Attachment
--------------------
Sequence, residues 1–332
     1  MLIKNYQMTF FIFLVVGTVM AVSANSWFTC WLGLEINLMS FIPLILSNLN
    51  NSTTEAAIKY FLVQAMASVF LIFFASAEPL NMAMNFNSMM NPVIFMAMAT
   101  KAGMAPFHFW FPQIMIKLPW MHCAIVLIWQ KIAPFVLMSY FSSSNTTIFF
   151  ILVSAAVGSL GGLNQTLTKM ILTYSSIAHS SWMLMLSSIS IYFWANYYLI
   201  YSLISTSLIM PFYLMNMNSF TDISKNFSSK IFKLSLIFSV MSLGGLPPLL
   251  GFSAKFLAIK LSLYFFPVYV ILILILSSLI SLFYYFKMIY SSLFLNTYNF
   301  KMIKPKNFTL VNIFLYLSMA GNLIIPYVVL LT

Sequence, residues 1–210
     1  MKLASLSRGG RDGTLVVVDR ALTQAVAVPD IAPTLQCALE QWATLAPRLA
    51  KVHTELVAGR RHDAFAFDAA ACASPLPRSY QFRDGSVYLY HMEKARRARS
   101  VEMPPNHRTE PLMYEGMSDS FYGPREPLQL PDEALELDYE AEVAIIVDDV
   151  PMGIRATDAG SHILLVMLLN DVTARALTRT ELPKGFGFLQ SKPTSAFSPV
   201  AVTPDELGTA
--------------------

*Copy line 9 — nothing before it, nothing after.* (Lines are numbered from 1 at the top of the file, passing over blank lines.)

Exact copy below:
Sequence, residues 1–210